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Sotomayor protests court's refusal of appeals

USA Today

Dec 27, 2010

By Joan Biskupic

WASHINGTON — Supreme Court Justice Sonia Sotomayor has set herself apart from colleagues with her fervent statements protesting the majority's refusal to take some appeals, particularly involving prisoners. Each month, the justices spurn hundreds of petitions from people who have lost in lower courts, and rarely does an individual justice go public with concern about the denial. In the seven times it has happened since the annual term opened in October, Justice Sotomayor has signed four of the opinions, more than any other justice. She was the lead author on three, again more than any other justice.

She forcefully dissented when the justices refused to hear the appeal of a Louisiana prisoner who claimed he was punished for not taking his HIV medication. He said prison officials subjected him to hard labor in 100-degree heat. Writing alone, she said the inmate had a persuasive claim of cruel and unusual punishment.

This emerging pattern of dissenting statements helps define a justice in her second term who is still — like newest justice Elena Kagan— fresh in the public eye.

On the law, Sotomayor has been in the liberal mold of her predecessor, David Souter, and her approach to writing opinions on cases heard has been fact-specific and free of rhetorical flourish. That was her style as a trial judge (1992-98) and appeals court judge (1998-2009).

Yet she has stood out as one of the most demanding questioners during oral arguments. She often breaks in as a fellow justice is questioning a lawyer, although she is not alone. Antonin Scalia also has an aggressive approach.

Her tendency to protest when the justices pass up a case she believes is crucial may be another way of getting her voice heard.

Adam Abensohn, a law clerk to Sotomayor earlier in her career, said of the recent dissents, "If she has a viewpoint, she won't hesitate to assert herself. If she thinks it's a good idea to do something, she's not going to hold back simply because 'it's not the way things are done' or because she's relatively new."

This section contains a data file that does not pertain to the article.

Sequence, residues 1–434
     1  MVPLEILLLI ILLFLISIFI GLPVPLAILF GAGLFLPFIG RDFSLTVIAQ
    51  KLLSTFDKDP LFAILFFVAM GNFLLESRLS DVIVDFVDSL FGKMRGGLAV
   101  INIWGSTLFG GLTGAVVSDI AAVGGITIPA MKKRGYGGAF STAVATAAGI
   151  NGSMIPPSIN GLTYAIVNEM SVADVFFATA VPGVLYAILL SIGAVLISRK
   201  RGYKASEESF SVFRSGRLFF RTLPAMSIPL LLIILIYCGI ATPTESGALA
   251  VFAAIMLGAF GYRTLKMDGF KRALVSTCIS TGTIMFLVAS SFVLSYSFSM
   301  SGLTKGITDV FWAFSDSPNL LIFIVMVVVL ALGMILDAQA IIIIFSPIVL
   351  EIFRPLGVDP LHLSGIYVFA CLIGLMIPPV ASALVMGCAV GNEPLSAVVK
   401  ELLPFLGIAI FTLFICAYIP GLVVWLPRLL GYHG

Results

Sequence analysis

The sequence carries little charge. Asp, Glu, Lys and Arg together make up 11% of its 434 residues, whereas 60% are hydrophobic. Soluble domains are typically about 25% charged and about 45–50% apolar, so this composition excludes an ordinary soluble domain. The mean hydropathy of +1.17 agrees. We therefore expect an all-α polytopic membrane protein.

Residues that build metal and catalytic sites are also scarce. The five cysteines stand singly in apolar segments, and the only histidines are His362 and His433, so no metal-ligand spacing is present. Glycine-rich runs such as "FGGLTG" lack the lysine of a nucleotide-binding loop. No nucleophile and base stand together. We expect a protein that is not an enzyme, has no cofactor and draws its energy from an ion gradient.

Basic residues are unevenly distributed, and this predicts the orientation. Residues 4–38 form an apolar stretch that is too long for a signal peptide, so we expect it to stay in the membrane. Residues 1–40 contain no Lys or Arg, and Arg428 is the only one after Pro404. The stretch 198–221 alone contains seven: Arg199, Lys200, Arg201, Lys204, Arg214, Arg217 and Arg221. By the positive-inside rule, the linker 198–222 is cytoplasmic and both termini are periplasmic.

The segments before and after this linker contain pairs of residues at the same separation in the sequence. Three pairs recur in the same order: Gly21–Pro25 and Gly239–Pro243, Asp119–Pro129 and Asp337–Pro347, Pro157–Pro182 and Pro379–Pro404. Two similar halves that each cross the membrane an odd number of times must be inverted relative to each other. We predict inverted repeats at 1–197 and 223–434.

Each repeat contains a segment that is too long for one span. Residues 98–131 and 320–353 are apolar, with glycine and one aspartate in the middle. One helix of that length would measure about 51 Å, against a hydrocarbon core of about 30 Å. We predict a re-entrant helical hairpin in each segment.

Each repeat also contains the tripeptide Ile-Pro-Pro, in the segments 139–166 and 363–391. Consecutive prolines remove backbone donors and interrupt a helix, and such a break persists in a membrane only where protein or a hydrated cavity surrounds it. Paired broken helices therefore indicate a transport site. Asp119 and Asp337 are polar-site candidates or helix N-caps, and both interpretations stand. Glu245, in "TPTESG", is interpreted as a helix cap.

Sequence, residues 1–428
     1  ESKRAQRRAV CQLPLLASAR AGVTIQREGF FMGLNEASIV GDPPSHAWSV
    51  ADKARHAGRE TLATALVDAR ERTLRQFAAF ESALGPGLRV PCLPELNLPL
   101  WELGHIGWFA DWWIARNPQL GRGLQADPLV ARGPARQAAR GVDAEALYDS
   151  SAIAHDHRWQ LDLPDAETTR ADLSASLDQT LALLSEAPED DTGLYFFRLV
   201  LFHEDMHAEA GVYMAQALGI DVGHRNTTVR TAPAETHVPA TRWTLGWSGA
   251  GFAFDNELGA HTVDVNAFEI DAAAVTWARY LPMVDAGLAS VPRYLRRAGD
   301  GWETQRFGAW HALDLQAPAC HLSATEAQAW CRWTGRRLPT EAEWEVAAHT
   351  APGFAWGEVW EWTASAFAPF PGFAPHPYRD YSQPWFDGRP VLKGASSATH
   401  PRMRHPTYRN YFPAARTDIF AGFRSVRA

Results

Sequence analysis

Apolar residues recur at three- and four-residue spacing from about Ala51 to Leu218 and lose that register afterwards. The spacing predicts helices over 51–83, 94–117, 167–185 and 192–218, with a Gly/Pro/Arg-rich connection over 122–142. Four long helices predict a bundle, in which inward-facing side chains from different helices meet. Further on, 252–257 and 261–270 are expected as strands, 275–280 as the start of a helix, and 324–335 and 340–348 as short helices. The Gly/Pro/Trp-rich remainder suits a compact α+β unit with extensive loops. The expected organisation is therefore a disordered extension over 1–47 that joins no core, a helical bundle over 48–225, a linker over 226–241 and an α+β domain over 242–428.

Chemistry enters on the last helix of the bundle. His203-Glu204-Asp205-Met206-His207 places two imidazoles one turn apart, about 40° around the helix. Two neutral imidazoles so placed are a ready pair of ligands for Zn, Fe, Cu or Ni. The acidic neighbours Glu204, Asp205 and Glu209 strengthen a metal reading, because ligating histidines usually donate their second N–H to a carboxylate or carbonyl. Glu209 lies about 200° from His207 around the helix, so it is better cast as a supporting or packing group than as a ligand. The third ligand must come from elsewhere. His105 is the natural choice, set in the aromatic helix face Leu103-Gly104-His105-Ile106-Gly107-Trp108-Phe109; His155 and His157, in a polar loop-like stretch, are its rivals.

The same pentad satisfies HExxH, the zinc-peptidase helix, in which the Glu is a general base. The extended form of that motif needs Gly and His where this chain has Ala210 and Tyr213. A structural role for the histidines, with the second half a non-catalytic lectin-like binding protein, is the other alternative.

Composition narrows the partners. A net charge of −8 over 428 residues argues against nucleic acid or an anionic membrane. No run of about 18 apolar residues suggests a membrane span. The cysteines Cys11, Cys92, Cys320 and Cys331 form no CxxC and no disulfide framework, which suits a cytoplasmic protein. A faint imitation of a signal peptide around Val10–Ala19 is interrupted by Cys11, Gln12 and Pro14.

Abensohn, who practices law in New York, said that although such dissenting opinions have no immediate legal consequence, they "may plant the seeds for the court to address an issue down the road. ... In a sense, Justice Sotomayor is placing her stamp on issues that may be decided years from now."

Dissents can change colleagues' minds — if not then, later. In February 2009, Scalia protested that the court repeatedly rejected appeals involving an open-ended U.S. law making it a crime for officials to deprive citizens of their right to "honest services." Dissenting alone in one of these disputes, Scalia noted lower courts disagreed on what offenses were covered and declared, "It seems ... quite irresponsible to let the current chaos prevail."

A few months later, the court took up the issue and ultimately ruled in a way that narrowed the law to bribes and kickbacks.

Sotomayor has been most vocal in criminal law cases. In the appeal from the Louisiana prisoner, she wrote that his decision to refuse medication "does not give prison officials license to exacerbate (his) condition further as a means of punishing or coercing him."

In another case, she objected when the justices declined to take a petition from an Arkansas murderer who said jurors should have heard mitigating evidence of his brutal childhood before deciding on a death sentence. She was troubled by an appeals court's decision letting officials wait to object to a claim for a new hearing until they had heard the prisoner's evidence and he had prevailed at an early stage.

Sotomayor said states should not be allowed "to manipulate federal ... proceedings to their own strategic advantage at an unacceptable cost to justice." She was joined only by Justice Ruth Bader Ginsburg. It takes four votes among the nine for the high court to take a case; it then takes five votes to resolve the case.

Jonathan Kirshbaum, a senior lawyer at the non-profit Center for Appellate Litigation in New York, which represents indigent defendants, said he has been struck by how Sotomayor, a former prosecutor, has "come out so strongly for criminal defendants."

Sotomayor declined to comment for this story.

Justice Samuel Alito, also a former prosecutor, has been a close second this term in publicly objecting when the majority declines a case. He protested in three cases and authored the opinion in two. On criminal matters, he tends to favor law enforcement.

When Sotomayor was appointed, some defendants' rights advocates, including Kirshbaum, speculated that she might take a hard line on prisoner appeals.

He said she's adopting a much different approach. "There seems to be real feeling behind these opinions," he said. "They give the criminal defendant's perspective on these issues."

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